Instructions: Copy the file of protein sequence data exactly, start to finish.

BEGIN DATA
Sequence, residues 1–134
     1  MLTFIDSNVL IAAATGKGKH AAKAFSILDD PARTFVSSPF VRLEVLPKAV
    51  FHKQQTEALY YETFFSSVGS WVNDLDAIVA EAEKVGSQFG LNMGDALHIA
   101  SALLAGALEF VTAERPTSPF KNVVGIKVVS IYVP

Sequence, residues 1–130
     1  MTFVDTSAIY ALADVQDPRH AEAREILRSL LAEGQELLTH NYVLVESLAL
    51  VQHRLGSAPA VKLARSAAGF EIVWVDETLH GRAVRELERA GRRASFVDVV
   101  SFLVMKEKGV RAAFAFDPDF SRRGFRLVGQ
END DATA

Sequence, residues 1–134
     1  MLTFIDSNVL IAAATGKGKH AAKAFSILDD PARTFVSSPF VRLEVLPKAV
    51  FHKQQTEALY YETFFSSVGS WVNDLDAIVA EAEKVGSQFG LNMGDALHIA
   101  SALLAGALEF VTAERPTSPF KNVVGIKVVS IYVP

Sequence, residues 1–130
     1  MTFVDTSAIY ALADVQDPRH AEAREILRSL LAEGQELLTH NYVLVESLAL
    51  VQHRLGSAPA VKLARSAAGF EIVWVDETLH GRAVRELERA GRRASFVDVV
   101  SFLVMKEKGV RAAFAFDPDF SRRGFRLVGQ